keywords = "bacteremia, health care team effectiveness, hemodialysis (HD), Tunneled catheter",
author = "Mokrzycki, {Michele H.} and Meilin Zhang and Ladan Golestaneh and Jeffrey Laut and Rosenberg, {Stuart O.}",
year = "2006",
month = "10",
doi = "10.1053/j.ajkd.2006.06.009",
language = "English (US)",
volume = "48",
pages = "587--595",
journal = "American Journal of Kidney Diseases",
issn = "0272-6386",
publisher = "W.B. Saunders Ltd",
number = "4",

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TY - JOUR

T1 - An Interventional Controlled Trial Comparing 2 Management Models for the Treatment of Tunneled Cuffed Catheter Bacteremia

T2 - A Collaborative Team Model Versus Usual Physician-Managed Care

AU - Mokrzycki, Michele H.

AU - Zhang, Meilin

AU - Golestaneh, Ladan

AU - Laut, Jeffrey

AU - Rosenberg, Stuart O.

PY - 2006/10

Y1 - 2006/10

N2 - Background: The management of tunneled cuffed catheter (TCC)-associated bacteremias varies among nephrologists. To determine whether patient outcomes after TCC-associated bacteremia can be improved by modifying the management model, we performed an interventional controlled trial comparing a collaborative team model, intervention (INT), with the usual physician-managed model, usual care (UC). Methods: INT consisted of an infection manager who worked closely with nephrologists and dialysis staff and made treatment recommendations using the available published guidelines at the time of the study's conception (Dialysis Outcomes Quality Initiative guideline no. 26, 1997) and additional literature-based recommendations. Nephrologists made the final treatment decisions. TCC-associated bacteremia was physician managed in the UC group. Results: Two hundred twenty-three episodes of TCC-associated bacteremia occurred in 7 outpatient hemodialysis units during the 21/2-year study period. The INT was associated with a significantly lower incidence of recurrent bacteremia with the same organism (INT, 6% versus UC, 18%; odds ratio, 0.28; 95% confidence interval, 0.09 to 0.8; P = 0.015) and death from sepsis (INT, 0% versus UC, 6%; P < 0.02). In INT units, there was a 45% decrease in the practice of TCC salvage (TCC not removed; P = 0.05). Antibiotic prescribing practices (final antibiotic selection, dose, and duration of therapy) were improved in INT units compared with UC units. By using multivariate analysis, the INT was associated with a 73% decrease in the combined outcome of recurrent bacteremia or septic death (P < 0.02). Conclusion: Implementation of a collaborative team model for the management of TCC-associated bacteremic episodes is associated with improvement in the quality of heath care delivery and patient outcomes.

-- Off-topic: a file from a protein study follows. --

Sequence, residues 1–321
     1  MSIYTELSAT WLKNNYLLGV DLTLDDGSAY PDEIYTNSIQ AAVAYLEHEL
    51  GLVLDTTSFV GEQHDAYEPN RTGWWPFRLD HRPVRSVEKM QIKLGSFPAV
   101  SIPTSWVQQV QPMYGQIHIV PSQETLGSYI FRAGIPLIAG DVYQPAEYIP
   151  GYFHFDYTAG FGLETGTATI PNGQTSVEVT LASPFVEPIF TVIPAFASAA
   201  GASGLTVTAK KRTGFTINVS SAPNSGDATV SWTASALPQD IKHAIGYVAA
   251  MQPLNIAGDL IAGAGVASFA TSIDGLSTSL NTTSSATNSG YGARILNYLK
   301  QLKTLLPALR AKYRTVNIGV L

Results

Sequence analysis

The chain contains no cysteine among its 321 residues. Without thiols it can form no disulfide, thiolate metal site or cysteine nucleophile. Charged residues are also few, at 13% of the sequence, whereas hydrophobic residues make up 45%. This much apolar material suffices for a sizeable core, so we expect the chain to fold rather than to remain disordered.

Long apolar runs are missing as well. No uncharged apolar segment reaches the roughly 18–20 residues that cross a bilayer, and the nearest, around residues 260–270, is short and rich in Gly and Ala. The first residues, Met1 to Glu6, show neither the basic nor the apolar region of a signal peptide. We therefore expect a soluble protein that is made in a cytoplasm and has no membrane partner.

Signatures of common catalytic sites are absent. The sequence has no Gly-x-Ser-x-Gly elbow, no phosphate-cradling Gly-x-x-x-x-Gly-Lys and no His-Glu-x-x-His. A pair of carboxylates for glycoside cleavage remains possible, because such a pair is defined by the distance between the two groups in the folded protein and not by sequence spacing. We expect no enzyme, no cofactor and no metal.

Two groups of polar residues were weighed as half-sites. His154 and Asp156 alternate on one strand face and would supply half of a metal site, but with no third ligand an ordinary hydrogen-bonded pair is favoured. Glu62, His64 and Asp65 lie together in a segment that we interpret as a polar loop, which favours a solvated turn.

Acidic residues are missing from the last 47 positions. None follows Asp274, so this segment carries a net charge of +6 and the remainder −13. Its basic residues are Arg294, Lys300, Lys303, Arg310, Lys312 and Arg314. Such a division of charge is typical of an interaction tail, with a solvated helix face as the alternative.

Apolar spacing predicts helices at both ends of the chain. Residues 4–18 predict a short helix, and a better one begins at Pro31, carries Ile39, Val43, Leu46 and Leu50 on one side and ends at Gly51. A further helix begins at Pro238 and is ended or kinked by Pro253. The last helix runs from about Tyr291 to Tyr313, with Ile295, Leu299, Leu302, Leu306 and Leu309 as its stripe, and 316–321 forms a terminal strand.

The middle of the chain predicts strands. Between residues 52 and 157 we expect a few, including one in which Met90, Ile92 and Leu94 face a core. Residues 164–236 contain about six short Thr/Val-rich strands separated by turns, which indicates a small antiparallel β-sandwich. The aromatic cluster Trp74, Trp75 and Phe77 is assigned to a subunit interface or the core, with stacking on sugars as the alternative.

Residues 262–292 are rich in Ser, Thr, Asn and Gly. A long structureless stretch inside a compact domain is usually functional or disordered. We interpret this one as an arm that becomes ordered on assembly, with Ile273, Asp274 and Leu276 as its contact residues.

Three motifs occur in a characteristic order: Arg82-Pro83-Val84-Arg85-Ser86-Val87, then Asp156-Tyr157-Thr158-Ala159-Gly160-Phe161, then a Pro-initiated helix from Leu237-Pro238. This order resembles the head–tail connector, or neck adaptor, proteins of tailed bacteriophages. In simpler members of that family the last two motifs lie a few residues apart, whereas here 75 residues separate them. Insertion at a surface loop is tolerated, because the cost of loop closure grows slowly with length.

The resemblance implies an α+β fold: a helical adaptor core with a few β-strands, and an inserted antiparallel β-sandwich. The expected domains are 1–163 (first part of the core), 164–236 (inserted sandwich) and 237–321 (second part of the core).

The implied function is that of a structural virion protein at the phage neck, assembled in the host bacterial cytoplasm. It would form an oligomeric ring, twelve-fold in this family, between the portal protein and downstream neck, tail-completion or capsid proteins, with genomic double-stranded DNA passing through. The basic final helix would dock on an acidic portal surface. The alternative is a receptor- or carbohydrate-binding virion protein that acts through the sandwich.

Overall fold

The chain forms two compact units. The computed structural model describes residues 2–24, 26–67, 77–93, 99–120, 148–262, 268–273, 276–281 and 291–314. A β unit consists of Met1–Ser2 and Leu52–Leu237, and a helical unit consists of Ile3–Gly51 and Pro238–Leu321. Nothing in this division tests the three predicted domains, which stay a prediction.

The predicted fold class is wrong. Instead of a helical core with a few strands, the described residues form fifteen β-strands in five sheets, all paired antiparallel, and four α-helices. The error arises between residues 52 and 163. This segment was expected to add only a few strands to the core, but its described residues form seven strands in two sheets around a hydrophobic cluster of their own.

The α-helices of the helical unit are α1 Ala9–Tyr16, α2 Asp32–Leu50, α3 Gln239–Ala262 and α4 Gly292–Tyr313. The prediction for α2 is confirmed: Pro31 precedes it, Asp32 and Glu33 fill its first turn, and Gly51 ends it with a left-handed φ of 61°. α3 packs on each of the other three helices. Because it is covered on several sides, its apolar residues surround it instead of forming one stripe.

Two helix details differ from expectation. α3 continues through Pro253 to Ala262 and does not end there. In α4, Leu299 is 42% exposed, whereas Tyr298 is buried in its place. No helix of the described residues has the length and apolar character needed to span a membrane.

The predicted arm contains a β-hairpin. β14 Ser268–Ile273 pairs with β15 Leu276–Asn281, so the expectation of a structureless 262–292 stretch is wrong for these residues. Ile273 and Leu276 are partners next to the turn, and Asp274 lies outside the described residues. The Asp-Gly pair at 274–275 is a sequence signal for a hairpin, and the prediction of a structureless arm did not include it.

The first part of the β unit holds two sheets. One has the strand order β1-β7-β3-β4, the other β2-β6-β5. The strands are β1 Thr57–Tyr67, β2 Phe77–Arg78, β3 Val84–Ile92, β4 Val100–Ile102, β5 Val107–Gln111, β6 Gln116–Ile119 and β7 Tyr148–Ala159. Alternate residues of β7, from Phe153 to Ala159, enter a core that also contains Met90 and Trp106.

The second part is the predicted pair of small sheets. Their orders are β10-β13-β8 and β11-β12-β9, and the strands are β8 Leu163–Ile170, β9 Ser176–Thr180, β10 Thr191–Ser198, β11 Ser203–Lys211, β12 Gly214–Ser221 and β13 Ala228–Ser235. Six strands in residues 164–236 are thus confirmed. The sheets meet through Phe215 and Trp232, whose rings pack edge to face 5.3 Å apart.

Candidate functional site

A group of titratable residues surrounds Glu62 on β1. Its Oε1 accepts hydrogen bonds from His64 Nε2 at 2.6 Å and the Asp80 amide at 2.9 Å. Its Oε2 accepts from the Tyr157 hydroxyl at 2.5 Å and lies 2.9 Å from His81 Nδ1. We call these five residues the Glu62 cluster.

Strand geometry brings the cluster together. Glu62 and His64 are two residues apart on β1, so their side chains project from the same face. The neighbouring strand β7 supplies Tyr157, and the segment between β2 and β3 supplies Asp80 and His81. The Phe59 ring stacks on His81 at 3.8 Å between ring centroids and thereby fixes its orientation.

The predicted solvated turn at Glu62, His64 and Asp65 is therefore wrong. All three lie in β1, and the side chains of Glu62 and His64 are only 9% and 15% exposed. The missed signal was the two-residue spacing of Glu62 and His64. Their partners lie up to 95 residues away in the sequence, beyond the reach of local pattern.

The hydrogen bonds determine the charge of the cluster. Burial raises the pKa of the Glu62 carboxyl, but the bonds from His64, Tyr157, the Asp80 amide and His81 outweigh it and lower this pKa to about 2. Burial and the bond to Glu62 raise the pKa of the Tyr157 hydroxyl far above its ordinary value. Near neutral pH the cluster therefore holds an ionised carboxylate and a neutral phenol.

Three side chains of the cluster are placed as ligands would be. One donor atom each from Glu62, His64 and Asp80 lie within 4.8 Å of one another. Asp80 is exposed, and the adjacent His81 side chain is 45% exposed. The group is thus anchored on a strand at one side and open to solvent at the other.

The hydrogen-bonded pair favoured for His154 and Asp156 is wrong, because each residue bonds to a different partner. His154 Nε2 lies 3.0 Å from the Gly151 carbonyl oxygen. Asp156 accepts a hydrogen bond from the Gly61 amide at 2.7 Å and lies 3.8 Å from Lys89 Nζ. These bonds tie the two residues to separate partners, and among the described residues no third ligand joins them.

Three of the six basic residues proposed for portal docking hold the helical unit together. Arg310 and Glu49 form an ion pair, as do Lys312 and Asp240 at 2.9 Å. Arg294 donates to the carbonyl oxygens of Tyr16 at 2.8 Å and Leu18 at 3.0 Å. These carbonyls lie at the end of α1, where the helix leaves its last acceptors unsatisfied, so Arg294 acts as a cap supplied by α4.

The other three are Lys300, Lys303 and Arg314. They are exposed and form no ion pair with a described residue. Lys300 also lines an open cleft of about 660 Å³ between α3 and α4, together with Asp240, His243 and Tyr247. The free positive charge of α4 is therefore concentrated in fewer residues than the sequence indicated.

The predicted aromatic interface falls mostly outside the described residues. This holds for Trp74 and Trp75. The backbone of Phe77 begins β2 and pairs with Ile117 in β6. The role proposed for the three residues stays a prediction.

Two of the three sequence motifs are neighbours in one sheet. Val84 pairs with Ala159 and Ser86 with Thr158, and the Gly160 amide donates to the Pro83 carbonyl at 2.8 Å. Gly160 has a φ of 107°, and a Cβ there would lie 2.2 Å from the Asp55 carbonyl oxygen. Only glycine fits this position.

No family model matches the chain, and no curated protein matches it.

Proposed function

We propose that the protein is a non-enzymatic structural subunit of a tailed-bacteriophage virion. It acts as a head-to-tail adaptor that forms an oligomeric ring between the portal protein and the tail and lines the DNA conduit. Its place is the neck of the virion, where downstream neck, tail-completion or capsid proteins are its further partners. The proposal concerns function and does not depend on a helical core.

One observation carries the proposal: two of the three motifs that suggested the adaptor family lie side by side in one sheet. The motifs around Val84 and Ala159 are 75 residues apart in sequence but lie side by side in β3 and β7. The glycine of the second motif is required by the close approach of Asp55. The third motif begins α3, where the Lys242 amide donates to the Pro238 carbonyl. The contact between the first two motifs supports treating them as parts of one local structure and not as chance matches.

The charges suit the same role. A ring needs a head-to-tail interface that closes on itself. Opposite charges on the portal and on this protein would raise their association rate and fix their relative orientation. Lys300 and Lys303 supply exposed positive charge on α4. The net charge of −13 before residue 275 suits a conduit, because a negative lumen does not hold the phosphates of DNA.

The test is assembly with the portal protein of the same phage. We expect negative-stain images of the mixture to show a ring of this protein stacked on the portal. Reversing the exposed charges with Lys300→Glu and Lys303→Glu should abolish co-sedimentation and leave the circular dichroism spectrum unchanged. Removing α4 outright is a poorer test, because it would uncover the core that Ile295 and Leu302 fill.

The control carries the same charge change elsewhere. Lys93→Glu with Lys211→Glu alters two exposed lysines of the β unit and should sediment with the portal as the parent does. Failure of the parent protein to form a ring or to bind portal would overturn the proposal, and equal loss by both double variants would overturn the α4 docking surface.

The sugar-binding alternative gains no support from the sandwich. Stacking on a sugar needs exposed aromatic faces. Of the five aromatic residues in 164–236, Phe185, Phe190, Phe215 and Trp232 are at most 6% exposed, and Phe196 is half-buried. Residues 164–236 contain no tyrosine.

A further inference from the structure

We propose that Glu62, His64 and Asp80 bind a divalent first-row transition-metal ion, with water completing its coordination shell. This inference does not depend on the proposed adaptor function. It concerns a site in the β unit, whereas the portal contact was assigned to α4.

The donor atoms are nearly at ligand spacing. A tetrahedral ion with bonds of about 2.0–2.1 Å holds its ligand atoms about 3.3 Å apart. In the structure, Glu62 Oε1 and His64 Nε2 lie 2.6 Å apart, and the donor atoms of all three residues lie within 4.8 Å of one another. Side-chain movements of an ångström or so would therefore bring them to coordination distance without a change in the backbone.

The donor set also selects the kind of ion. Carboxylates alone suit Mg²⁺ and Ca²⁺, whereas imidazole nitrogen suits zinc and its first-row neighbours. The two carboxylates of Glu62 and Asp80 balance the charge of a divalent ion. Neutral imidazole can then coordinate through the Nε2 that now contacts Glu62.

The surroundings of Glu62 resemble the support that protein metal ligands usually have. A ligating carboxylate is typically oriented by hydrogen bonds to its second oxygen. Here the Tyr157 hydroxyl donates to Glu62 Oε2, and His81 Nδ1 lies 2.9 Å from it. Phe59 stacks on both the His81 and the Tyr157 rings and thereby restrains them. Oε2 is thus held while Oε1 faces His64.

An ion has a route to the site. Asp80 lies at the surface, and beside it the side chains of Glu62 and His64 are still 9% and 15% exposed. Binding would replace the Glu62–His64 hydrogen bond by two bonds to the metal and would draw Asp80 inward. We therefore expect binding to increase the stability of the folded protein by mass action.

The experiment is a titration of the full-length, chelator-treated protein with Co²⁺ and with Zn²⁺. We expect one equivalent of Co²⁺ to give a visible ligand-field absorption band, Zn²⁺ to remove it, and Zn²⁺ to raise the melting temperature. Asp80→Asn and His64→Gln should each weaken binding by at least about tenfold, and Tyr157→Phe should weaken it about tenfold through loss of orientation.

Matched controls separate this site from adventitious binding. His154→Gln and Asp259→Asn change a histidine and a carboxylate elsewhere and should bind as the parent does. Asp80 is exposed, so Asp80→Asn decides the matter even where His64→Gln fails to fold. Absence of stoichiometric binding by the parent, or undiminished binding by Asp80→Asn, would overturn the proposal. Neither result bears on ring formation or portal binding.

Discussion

AB - Background: The management of tunneled cuffed catheter (TCC)-associated bacteremias varies among nephrologists. To determine whether patient outcomes after TCC-associated bacteremia can be improved by modifying the management model, we performed an interventional controlled trial comparing a collaborative team model, intervention (INT), with the usual physician-managed model, usual care (UC). Methods: INT consisted of an infection manager who worked closely with nephrologists and dialysis staff and made treatment recommendations using the available published guidelines at the time of the study's conception (Dialysis Outcomes Quality Initiative guideline no. 26, 1997) and additional literature-based recommendations. Nephrologists made the final treatment decisions. TCC-associated bacteremia was physician managed in the UC group. Results: Two hundred twenty-three episodes of TCC-associated bacteremia occurred in 7 outpatient hemodialysis units during the 21/2-year study period. The INT was associated with a significantly lower incidence of recurrent bacteremia with the same organism (INT, 6% versus UC, 18%; odds ratio, 0.28; 95% confidence interval, 0.09 to 0.8; P = 0.015) and death from sepsis (INT, 0% versus UC, 6%; P < 0.02). In INT units, there was a 45% decrease in the practice of TCC salvage (TCC not removed; P = 0.05). Antibiotic prescribing practices (final antibiotic selection, dose, and duration of therapy) were improved in INT units compared with UC units. By using multivariate analysis, the INT was associated with a 73% decrease in the combined outcome of recurrent bacteremia or septic death (P < 0.02). Conclusion: Implementation of a collaborative team model for the management of TCC-associated bacteremic episodes is associated with improvement in the quality of heath care delivery and patient outcomes.

KW - bacteremia

KW - health care team effectiveness

KW - hemodialysis (HD)

KW - Tunneled catheter